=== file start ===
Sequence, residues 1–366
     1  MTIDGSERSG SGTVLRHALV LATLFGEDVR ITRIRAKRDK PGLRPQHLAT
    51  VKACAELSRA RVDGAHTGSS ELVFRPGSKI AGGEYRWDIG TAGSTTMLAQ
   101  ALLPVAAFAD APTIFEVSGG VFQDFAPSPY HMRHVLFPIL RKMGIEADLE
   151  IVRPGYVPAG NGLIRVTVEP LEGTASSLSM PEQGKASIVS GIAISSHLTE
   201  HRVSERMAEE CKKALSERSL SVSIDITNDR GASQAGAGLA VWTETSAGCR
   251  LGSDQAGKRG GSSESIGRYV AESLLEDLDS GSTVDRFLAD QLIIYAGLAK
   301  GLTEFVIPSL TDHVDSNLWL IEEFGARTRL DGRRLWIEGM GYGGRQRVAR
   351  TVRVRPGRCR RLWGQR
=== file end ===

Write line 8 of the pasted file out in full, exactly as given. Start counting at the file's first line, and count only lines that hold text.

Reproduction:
   301  GLTEFVIPSL TDHVDSNLWL IEEFGARTRL DGRRLWIEGM GYGGRQRVAR